The twelve Russians charged with hacking into Illinois’ election database may have worked as intelligence agents, but the I-Team has learned it didn’t take above-average computer intelligence to pull off the heist.
Russian hackers used a common computer trick employed by info-thieves, according to federal investigators.
The electronic intrusion, which occurred in July of 2016 at the Illinois State Board of Election, was via a hacking technique called “SQL injection.” The names, addresses, dates of birth, driver’s license numbers and partial Social Security numbers of about 500,000 Illinois voters are believed to have been stolen, according to federal indictments handed up last week against a dozen Russian operatives and information from state election officials.
“For a lot of voters there has been a lot of fear that there is going to be Russian hacking and stealing my vote after I cast my vote” said Matt Dietrich, spokesperson for the Illinois State Board of Elections. “Not one vote was changed in Illinois based on what happened 2 years ago. Not one vote was attempted to be changed based on that. That was not the object.”
If the object was to simply gain access, grab information and sow discord, then the Russian operation seems to have succeeded.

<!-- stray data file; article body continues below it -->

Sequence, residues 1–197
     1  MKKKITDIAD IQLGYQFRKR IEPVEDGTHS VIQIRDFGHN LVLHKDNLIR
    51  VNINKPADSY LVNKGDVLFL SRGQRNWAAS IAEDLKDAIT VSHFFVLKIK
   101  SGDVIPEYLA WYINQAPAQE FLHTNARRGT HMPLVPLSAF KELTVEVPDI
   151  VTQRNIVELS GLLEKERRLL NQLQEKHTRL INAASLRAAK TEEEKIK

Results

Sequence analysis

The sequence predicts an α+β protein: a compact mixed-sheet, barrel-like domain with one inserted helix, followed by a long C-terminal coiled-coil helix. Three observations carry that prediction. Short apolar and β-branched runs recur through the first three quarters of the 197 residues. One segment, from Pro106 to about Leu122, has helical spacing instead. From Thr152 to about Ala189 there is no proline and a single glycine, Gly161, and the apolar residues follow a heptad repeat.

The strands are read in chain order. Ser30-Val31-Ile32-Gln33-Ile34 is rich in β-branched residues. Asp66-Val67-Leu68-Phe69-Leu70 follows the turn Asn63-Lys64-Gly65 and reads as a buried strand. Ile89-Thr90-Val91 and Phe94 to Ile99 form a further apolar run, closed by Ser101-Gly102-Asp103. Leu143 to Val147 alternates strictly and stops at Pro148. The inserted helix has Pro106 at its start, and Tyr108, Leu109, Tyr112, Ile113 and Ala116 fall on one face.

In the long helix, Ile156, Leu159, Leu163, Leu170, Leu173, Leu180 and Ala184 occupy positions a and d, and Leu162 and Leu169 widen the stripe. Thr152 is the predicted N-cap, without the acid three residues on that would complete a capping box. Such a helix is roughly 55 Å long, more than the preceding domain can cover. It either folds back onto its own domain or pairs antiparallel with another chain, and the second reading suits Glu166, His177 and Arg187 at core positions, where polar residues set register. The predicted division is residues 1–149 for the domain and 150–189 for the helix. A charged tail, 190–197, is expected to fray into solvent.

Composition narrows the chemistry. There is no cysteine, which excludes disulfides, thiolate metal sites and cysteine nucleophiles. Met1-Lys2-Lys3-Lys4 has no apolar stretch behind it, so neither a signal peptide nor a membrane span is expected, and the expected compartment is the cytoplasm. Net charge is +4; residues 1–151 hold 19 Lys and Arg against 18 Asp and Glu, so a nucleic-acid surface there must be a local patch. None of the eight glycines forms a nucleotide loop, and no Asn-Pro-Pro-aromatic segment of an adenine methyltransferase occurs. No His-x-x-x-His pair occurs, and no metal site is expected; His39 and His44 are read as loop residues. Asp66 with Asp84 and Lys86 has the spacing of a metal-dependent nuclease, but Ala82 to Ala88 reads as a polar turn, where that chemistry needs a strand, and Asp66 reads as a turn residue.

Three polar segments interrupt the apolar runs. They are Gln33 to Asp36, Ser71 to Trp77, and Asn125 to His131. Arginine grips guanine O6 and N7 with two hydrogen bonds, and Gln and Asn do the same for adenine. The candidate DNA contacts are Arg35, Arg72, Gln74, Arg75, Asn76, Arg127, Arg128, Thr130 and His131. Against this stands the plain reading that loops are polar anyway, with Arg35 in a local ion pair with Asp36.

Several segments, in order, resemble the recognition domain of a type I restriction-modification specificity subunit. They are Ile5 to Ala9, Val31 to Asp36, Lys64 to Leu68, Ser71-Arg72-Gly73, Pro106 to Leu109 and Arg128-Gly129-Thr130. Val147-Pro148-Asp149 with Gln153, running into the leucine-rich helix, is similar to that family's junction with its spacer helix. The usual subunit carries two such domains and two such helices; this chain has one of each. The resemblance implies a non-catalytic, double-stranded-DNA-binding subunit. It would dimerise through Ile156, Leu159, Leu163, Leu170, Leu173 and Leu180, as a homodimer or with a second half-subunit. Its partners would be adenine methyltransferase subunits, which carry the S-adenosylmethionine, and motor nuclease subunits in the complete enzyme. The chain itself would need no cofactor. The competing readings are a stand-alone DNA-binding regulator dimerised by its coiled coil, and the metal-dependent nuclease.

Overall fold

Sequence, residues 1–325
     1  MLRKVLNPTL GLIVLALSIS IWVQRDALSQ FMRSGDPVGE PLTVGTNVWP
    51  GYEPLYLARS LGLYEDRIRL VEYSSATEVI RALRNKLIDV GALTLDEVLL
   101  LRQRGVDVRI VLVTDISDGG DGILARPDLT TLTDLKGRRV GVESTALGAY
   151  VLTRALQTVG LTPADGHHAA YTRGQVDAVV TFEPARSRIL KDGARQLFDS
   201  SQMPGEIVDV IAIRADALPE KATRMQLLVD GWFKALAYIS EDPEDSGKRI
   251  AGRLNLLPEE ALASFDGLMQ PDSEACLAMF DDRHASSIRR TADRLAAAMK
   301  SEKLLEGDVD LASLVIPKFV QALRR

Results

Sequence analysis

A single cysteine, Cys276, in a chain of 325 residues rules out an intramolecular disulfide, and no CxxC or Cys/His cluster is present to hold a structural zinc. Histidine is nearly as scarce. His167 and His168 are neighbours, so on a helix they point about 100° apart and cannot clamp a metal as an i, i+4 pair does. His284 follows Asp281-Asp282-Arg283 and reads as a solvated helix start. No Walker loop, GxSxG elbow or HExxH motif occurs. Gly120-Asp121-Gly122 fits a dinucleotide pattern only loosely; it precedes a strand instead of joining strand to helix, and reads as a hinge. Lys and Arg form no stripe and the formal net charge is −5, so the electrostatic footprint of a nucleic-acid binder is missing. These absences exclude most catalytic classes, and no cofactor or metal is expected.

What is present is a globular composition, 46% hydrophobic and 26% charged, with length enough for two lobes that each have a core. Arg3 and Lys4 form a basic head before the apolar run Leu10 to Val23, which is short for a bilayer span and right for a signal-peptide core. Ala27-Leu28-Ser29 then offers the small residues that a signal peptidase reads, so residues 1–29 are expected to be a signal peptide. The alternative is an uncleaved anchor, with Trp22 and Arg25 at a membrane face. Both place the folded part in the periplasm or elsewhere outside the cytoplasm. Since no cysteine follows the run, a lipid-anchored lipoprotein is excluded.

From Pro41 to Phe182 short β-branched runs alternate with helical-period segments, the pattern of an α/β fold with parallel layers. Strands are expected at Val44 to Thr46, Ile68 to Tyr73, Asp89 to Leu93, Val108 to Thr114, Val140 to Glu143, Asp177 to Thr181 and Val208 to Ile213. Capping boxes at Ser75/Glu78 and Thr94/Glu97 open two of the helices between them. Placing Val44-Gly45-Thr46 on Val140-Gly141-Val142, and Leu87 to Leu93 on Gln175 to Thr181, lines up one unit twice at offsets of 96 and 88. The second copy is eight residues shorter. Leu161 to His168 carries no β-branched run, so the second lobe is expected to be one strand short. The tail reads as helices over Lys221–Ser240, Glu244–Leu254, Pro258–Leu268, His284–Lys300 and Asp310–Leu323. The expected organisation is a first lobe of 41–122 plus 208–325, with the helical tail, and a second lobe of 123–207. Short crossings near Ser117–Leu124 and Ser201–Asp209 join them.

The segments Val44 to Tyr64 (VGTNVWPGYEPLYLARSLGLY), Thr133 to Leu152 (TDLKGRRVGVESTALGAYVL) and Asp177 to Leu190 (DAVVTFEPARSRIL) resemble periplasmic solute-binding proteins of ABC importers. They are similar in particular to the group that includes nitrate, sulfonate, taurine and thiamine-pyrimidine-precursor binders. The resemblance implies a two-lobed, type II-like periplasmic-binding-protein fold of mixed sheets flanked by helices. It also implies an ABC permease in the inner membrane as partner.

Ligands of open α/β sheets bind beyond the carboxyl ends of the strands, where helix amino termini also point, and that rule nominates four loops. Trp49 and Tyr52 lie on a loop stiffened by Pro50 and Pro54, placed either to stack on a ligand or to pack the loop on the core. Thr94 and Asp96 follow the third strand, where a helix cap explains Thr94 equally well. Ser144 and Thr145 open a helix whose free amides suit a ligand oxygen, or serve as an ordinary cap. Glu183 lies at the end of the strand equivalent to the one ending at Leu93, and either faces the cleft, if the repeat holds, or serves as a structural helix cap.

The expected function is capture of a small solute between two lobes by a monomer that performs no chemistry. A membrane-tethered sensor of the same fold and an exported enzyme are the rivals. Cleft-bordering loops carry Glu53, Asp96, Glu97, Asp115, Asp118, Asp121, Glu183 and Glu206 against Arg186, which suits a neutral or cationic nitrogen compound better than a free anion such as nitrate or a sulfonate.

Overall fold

“The Russians hacked into the computer networks of election officials and vendors in order to steal voter data and other information” said Sen. Dick Durbin , D-Illinois on Tuesday. “We know that Russia meddled in the 2016 election and we know that we should be gearing up for the Russians to interfere with the 2018 midterm election as well.”
SQL, an acronym for Structured Query Language, is a common piece of cyber-trickery used to illegally gain access to government, financial, business and private computers. Experts estimate that 8 of every 10 data breaches occur as a result of SQL injection.
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Chuck Goudie is the chief investigative reporter for ABC 7 Eyewitness News in Chicago.